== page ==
Once the main character Kostya was telling his young daughter Masha a story before she goes to bed. Days before he was reminded of his now-70-year-old mischievious father used to scare him when he was young. So when he told Masha about how little red riding hood met with danger in the forest, he changed the entire plot of the story, in order to protect his daughter from the evil adult's world. It was very amusing, as "Marshenka' (her affectionate pet name) had heard the story many times, and she rebuke everything her father was trying to change! In the end, Masha got bored and demanded for another story.
A little digression here.
Right now while writing this blog, it is 9pm in the evening, and 10pm for Moscow time, and the national TV channel is broadcasting cartoon series; all Russian production, some appeared to be rather vintage but really entertaining to watch. I think Russia is the only country, as far as my experience is concerned, in the world where they broadcast cartoon at this hour, for children I think? Or adult also like cartoon? I once was baffled and asked my Russian friend who has a young son. He matter-of-factly said, why not, its time for them to go bed, so cartoon will be helpful before they go to sleep.
What an argument? When I was young, for a long time, I was not even allowed to watch TV in the evening. How lucky are Russian children with so many original Russian productions! I hope that they do not favour Disneyland more than their very own assets, and will never lose it.
After the cartoon, they broadcast "King of the Pop" Michael's concert. Yes, time for kids to go to bed!
Back to fairy tales, we tried to discuss in class how fairy tales shaped or influenced Russian mentality. Is Kalabok too naive? What could he have done to avoid his destiny? I afraid themes like these were far beyond what I was able to express with my current pool of vocabulary. Even in years to come, I think it would not be easy either, unless I live here for a long long time. It is even challenging to talk about it in-depth of my own people, let alone about Russians.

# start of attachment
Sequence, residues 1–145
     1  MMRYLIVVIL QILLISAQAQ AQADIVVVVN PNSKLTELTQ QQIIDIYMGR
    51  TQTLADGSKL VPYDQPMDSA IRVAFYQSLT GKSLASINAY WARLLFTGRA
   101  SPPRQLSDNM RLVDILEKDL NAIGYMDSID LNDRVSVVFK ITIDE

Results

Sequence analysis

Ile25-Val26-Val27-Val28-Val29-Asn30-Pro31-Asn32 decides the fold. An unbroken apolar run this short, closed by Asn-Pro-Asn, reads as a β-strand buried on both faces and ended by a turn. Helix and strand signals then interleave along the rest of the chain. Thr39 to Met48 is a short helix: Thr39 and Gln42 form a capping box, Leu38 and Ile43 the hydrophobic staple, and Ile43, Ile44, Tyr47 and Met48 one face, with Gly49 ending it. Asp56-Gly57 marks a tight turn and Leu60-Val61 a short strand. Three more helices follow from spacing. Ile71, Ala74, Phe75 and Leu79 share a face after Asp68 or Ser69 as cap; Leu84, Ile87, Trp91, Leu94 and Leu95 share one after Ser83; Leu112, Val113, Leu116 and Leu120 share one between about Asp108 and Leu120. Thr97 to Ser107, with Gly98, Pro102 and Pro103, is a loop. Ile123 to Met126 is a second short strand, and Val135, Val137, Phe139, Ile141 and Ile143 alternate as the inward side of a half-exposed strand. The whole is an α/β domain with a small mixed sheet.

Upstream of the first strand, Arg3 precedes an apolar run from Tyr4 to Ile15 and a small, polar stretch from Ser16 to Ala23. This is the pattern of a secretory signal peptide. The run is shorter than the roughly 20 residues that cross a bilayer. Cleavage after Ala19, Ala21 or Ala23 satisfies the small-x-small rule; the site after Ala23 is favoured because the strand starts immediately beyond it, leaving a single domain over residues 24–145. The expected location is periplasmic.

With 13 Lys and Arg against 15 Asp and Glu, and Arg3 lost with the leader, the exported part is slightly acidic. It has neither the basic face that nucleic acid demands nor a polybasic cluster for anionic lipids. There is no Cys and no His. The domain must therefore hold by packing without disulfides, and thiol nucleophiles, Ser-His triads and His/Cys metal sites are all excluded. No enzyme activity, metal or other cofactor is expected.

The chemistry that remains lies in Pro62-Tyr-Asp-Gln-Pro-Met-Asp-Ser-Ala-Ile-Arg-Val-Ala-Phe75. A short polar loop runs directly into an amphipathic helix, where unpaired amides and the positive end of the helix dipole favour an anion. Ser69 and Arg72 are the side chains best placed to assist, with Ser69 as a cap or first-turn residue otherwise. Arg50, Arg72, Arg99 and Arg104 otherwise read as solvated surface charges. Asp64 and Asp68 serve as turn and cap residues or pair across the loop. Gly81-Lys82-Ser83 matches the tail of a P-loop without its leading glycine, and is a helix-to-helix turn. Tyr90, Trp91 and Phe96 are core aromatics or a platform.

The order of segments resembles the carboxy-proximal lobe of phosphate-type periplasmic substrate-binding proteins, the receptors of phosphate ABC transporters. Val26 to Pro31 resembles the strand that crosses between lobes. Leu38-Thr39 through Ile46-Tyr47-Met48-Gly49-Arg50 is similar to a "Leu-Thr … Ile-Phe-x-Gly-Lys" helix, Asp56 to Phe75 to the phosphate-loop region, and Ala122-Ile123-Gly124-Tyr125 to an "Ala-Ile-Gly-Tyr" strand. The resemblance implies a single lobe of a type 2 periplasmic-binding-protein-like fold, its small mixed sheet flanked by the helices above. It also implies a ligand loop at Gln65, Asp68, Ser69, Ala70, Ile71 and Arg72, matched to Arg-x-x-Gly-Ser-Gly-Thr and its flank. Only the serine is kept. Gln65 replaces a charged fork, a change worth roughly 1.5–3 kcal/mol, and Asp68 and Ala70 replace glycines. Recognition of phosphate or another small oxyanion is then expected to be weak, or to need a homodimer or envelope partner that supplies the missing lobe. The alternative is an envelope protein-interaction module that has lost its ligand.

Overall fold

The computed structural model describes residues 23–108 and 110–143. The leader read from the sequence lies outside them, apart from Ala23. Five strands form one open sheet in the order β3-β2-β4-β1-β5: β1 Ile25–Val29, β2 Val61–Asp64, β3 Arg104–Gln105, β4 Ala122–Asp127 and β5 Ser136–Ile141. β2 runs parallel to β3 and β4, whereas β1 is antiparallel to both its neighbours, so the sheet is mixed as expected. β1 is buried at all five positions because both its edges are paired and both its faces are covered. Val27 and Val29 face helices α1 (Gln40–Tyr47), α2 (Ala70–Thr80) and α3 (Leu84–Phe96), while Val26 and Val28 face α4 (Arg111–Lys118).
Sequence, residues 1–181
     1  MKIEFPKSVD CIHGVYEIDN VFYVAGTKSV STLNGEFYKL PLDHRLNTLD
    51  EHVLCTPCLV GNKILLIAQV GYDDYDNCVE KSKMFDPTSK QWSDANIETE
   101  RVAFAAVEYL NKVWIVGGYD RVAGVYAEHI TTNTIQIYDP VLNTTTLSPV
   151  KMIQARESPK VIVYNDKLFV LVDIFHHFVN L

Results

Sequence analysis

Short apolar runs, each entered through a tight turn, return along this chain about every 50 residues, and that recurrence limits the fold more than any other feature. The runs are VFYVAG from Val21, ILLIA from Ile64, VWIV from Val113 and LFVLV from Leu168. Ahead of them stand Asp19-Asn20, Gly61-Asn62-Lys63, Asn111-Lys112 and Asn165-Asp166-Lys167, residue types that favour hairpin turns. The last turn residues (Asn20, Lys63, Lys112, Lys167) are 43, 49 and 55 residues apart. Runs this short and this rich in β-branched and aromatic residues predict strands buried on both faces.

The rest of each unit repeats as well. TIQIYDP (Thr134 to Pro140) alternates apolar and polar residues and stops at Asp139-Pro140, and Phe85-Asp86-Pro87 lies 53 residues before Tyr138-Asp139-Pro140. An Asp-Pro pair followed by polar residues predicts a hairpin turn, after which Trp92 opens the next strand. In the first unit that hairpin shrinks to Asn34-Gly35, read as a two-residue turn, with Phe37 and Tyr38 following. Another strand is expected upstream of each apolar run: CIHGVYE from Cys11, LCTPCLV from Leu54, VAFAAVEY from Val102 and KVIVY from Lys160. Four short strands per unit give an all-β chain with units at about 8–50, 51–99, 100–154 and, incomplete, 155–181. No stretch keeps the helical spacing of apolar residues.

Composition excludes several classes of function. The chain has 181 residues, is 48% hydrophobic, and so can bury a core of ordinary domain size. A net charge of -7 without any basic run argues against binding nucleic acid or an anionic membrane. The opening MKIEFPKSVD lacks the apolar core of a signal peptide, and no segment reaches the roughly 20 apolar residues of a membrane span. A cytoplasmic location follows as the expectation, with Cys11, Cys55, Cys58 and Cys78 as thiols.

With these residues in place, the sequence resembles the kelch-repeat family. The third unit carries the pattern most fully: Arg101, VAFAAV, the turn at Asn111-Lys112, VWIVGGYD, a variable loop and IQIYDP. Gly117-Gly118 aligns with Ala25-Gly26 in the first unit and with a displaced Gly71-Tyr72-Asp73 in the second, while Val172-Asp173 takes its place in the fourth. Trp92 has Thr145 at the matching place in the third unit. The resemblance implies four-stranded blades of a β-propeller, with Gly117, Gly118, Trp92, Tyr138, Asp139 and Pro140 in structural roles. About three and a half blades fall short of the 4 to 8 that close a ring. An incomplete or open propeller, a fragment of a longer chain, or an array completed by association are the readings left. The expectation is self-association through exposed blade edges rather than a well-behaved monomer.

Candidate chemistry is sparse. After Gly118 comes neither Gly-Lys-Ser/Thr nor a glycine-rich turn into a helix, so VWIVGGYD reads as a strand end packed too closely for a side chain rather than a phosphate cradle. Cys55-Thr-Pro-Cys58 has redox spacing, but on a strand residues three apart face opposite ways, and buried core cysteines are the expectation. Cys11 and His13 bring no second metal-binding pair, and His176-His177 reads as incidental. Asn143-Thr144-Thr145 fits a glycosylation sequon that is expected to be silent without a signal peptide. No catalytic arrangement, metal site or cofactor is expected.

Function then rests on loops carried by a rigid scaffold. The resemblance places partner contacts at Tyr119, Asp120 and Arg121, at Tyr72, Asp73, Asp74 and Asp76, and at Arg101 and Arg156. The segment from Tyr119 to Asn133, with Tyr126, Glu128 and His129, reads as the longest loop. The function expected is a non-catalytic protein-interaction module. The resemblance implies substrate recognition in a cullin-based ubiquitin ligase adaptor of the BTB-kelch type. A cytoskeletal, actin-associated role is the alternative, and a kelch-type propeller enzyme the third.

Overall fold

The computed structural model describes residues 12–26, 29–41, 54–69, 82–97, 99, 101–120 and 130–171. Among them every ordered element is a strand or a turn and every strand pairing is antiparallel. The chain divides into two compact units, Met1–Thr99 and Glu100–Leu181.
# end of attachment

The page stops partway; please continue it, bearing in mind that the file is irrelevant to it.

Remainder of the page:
But I do think about the purpose of fairy tales in our lives. Why such simple stories still apeal to us, how it became classics and permanently etched in our minds, no matter how complex modern civilisation has evolved into? When life is reduced to its simplest formula, its often clear what is most significant in our lives, and to me, this is enlightening and refreshing.
In Russian language, I learned about the word "life" in my first few lessons, maybe much more earlier in learning other foreign languages. We are often asked, what is most important in your life, is it money, health, love or friends, or others. When the order is clear, it is not very difficult to plan one's live.
When one feels confused or lost in life, its good to have a fairy tale next to you, or at least in your mind; not to daydream, but simply to focus.